The hard truth about domestic abusePublished 4:20pm Thursday, November 22, 2012
The dictionary defines violence as: “powerful force, as of a hurricane.” Beaufort County residents understand the devastating effects of a hurricane.
Take a moment to imagine a hurricane hits and destroys your home. Look around at all the destruction. You pick yourself up, dust yourself off and make the decision to begin making repairs, putting back what was lost. You may convince yourself that it will not happen again.
In Beaufort County, if you live in certain areas, that is wishful thinking and not likely. If your home is destroyed by a hurricane again and again, you begin to feel helpless and hopeless. It becomes more and more difficult to pick yourself up, dust yourself off and begin again with a hopeful outlook.
Many are affected by domestic violence, directly or indirectly at some point in life. Victims of domestic violence cover all socio-economic classes. No group is exempt. It is so hard to understand that the person that once said you were the love of his life now uses you as an emotional and/or physical punching bag. Being assaulted by someone who once promised to love and support you is unthinkable. So, when the violence occurs, you tell yourself that it will never happen again. It was an isolated incident. You become convinced that it was somehow your fault. The truth is, it is very unlikely that it will never happen again. It is never the victim’s fault that someone chooses to be violent.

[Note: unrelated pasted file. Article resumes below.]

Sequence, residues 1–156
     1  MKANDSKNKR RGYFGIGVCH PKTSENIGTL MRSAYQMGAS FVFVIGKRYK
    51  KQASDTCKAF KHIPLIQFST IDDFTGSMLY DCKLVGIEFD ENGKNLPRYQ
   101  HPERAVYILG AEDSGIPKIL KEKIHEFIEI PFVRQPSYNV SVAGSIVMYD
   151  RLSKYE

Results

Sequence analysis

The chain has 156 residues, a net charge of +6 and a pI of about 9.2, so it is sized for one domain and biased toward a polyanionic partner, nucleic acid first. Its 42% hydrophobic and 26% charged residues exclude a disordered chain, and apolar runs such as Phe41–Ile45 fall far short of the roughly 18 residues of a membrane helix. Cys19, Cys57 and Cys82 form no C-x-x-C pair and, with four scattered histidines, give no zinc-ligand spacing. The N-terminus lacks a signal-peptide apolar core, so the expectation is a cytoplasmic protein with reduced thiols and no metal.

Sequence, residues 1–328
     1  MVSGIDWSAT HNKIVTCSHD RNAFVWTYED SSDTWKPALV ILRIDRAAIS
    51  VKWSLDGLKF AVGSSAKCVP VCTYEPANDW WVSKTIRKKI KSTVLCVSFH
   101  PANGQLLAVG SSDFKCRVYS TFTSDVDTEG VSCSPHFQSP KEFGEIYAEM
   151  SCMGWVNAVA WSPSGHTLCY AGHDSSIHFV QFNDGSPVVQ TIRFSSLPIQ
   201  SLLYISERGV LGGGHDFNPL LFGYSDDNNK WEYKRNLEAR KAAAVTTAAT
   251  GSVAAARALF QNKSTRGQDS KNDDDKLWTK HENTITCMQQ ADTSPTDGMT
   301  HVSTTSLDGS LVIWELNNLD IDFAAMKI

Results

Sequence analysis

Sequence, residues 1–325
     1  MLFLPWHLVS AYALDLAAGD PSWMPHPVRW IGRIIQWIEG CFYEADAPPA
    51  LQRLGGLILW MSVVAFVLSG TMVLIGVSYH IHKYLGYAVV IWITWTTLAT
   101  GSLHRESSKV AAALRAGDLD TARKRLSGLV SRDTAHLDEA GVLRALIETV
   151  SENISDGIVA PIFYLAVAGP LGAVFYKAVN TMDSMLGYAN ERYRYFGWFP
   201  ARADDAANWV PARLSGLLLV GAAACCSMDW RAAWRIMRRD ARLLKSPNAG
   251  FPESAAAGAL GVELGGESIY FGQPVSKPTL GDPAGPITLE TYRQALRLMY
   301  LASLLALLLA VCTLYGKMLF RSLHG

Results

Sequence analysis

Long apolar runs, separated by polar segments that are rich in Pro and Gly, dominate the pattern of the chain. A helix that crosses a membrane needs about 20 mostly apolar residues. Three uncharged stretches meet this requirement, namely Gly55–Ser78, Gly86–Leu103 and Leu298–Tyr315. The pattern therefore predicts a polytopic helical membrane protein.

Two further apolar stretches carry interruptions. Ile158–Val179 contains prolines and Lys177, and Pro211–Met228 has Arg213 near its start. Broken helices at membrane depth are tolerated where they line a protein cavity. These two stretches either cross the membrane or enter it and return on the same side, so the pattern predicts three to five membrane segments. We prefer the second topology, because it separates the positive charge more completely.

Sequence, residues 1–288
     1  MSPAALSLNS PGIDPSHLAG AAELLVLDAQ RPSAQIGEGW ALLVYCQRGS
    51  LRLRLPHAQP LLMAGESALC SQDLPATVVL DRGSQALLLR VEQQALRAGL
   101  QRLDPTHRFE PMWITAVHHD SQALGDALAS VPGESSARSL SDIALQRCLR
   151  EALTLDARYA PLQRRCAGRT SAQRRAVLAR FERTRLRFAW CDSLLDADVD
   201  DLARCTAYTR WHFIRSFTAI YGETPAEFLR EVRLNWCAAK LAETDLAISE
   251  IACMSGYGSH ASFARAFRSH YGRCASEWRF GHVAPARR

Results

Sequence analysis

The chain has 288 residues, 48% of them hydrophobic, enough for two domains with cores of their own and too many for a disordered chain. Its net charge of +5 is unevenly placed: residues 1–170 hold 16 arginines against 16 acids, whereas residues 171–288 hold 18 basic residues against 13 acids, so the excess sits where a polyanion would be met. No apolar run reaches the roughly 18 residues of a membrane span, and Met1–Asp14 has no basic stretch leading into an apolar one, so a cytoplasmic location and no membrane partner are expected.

It’s not difficult to understand why victims of domestic violence have difficulty leaving. Often victims are economically dependent. They may not work outside the home or if they do, their abuser may control their income. It is very difficult to “stick” money aside. Victims may fear greater harm to themselves and children if they choose to leave. They are often convinced by their abuser that if they leave, they will lose their children. The thought of being totally alone is too frightening. Victims often feel emotionally trapped.
Fear of the unknown is a big reason it is hard to leave. Many questions arise. Where will I go? How will I live? What will people think? How will my abuser retaliate?
The most important step in becoming free from a violent relationship is the decision to actually leave. People who have not lived in a violent home don’t understand how difficult it is to take that first step. It can take every ounce of strength to simply pick up the phone and call for help. It takes a strong, not weak, person to admit they need help.
Ruth’s House is a shelter to help make that first step a little easier and safer. Our mission is to provide free, confidential counseling, court advocacy, support groups and hope for those in danger.
We’d like to encourage you to help. To make a donation make your check to Ruth’s House and mail to P.O. Box 2843 Washington, N.C. 27889. Your tax deductible gift will be greatly appreciated. To volunteer, please send a note or e-mail email@example.com. Include your phone number and mailing address.
Jo Lynn Herbert is a board member for Ruth’s House.